FoxSpoken Volume 1
Most Recent Volume, Fox Stuff
Other Retired Fox Volumes
articles on this page retired Apr.97
Before you use this material, please be sure you have read and understand
the various provisos *3 with which
I provide it for your use.
Contents of this page:
- Class Browser add-on for #INCLUDE files
- PARSER: ways to parse and execute code
- The Whipped Tip Dept: Editor Comment Strings
- CLASSDOC: class-dependency diagramming utility
- Grid Partitions? Please... Just say no
- AppWiz: a place to start your frame-work?
GENMENUL.PRG and AUTOVER
Pertinent files: GENMENUL.ZIP updated Jan.97, ~25k.
A separate text file, GENMENUL.TXT ~4k, is
available if you want more information about AUTOVER/GENMENU before
downloading. This text file is included in the .ZIP.
Rejoice. Microsoft have uploaded a replacement GENMENU file,
improved over the version of GENMENU that shipped with 5.0
it out on the MS site).
The new version eliminates a number of bugs, especially some that affect
top form menus. Ever try to figure out why your top form menus don't Append
as they should? Or why they behave so badly with multiple top form menus?
Or why your system pads sometimes deliver 'blank popups' after you use
a top form menu? Or why your Setup and Cleanup didn't get generated properly?
The new GENMENU -- and the more flexible arguments you can use when you
DO the.MPR -- will help you out. You'll want to study the comments at the
top of an .MPR, to understand how to call the new-style MPRs with extra
MC Framework people and others have been using my hacked version of
GENMENU, GENMENUL, for some time. At various stages GENMENUL has included
quite a few improvements over the standard GENMENU -- I think the MAChete
book had the most elaborate version -- but at this stage GENMENUL for 5.0
includes only one addition that we've found critical to development.
This is AUTOVER, a technique pioneered by
Peirse. AUTOVER forces certain extra processing to take place during
every project build by using a special, self-editing menu.
As its name suggests, the original purpose of AUTOVER in Matt's version
was to force the Project Build process to auto-increment an application
build number. My version allows you to add any additional BUILD APP processing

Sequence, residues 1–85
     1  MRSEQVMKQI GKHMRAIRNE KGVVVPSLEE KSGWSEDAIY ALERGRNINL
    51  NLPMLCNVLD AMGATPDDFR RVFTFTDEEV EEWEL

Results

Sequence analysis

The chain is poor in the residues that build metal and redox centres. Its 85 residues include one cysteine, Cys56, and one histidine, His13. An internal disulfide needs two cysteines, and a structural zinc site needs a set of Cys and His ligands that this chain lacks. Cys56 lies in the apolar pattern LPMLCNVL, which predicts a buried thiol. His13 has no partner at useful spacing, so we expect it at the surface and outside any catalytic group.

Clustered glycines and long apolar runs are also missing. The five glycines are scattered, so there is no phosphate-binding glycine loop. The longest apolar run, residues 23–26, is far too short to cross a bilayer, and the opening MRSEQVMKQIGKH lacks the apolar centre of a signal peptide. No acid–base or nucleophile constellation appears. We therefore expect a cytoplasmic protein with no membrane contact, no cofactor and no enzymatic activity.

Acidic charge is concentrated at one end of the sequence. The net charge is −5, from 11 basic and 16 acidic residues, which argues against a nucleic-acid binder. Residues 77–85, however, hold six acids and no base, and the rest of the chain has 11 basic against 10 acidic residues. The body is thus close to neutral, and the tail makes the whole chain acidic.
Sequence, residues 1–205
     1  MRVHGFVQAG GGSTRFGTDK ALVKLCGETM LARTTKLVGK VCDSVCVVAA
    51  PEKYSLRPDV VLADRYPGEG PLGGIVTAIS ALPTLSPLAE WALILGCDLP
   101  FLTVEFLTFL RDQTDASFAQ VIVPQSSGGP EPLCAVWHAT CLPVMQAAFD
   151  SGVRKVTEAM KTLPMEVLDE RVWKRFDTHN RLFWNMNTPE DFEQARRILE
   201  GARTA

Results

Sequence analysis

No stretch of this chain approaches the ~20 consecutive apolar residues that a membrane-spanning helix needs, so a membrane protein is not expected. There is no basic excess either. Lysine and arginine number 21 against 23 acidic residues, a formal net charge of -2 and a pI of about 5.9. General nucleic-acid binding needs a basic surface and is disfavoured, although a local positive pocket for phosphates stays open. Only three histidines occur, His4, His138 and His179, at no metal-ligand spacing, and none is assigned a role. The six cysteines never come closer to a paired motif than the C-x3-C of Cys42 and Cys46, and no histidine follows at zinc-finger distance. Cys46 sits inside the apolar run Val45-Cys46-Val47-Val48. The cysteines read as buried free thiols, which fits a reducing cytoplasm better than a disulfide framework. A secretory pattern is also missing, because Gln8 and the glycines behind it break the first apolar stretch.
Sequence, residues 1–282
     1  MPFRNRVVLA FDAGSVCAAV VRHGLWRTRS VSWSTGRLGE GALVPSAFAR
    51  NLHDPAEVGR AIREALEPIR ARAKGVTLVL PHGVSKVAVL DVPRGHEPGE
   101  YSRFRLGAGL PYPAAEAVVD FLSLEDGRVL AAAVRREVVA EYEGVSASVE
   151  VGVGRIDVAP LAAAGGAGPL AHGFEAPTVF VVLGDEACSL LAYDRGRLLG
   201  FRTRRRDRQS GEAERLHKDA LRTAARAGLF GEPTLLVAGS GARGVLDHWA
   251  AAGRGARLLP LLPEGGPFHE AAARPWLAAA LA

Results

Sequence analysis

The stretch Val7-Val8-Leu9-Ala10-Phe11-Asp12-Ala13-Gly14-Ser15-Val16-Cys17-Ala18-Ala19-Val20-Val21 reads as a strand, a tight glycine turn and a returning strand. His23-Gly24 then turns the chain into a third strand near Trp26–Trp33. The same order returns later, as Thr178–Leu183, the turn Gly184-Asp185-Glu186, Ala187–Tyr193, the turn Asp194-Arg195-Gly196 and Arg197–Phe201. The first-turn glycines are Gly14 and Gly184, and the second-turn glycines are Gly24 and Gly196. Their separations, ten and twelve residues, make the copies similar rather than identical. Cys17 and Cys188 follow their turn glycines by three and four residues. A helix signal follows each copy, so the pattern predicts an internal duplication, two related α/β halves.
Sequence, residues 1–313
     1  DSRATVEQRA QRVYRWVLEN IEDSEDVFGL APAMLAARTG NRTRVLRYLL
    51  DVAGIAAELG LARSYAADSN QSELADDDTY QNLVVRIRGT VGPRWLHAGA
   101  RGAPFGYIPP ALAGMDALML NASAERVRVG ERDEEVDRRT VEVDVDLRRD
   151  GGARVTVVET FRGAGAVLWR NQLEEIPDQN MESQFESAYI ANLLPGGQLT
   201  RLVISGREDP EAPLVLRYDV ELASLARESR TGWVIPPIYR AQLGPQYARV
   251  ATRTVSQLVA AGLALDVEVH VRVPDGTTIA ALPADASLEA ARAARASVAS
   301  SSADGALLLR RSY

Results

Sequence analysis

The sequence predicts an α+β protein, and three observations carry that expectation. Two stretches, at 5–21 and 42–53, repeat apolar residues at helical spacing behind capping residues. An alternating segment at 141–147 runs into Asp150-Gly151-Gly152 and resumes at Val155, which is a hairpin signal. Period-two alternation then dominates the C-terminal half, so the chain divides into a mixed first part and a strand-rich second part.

you'd like to the special menu, but the build-numbering is the one extra
GENMENU feature that we couldn't live without. Naturally, MC Framework is
'AUTOVER-aware', and makes good use of your build information if you make
an AUTOVER-type menu available to an MC controller object.
MC doesn't mandate GENMENUL or AUTOVER use. However, the next MC upload
will include code that assumes the new GENMENU you can get from
Microsoft or the new GENMENUL you can download here. That's because
a good many of the current MC changes will be topform-related; the new
GENMENU means I can remove some of the worst MC workarounds, in the form
classes as well as the MC template menus, and plan a better topform strategy
Whether you use MC or not, you owe it to yourselves to download one
of the new GENMENUs, and you have no reason to wait!
By request, and with permission from >L< and Matt,
Ross MacNeill added AUTOVER and several other
menu techniques to his groundbreaking GENMENUX program in the 2.6-3.0 time
period. (Check out the SKIP_REDIRECT generator directive, for example.)
I'll probably add these back into GENMENUL when I have time, but no promises.
If you're a GENMENUX user, you'll want to check with Andrew to see if he's
updated GENMENUX for the topform changes.
Class Browser Add-On for #INCLUDE files
Pertinent files: ADDINCL.ZIP updated Apr.97 to fix bug with
member objects, ~10k.
A text file from this .ZIP, ADDINCL.TXT ~3k, is
also available for viewing before download if you wish.
If you've never written an AddOn for the Class Browser, you might want
this file just to see how you might create and install such a thing.
If you've ever changed a .H (header) filename or location, and then
cursed because you realized that you were going to have to edit a bunch
of classes to know where their Include Files were, now you can do this
through the Class Browser interface.
BTW, I don't know if it is still a problem in 5.0, but you could run
into major problems in 3.0 if you tried to save changes in the Class Designer
or Form Designer for a class whose Include File was open in Notepad someplace.
If you've had GPFs when saving a class and don't know why, this could be
the reason: Fox tries to do the compile, et voilà.
PARSER: parsing and executing code at runtime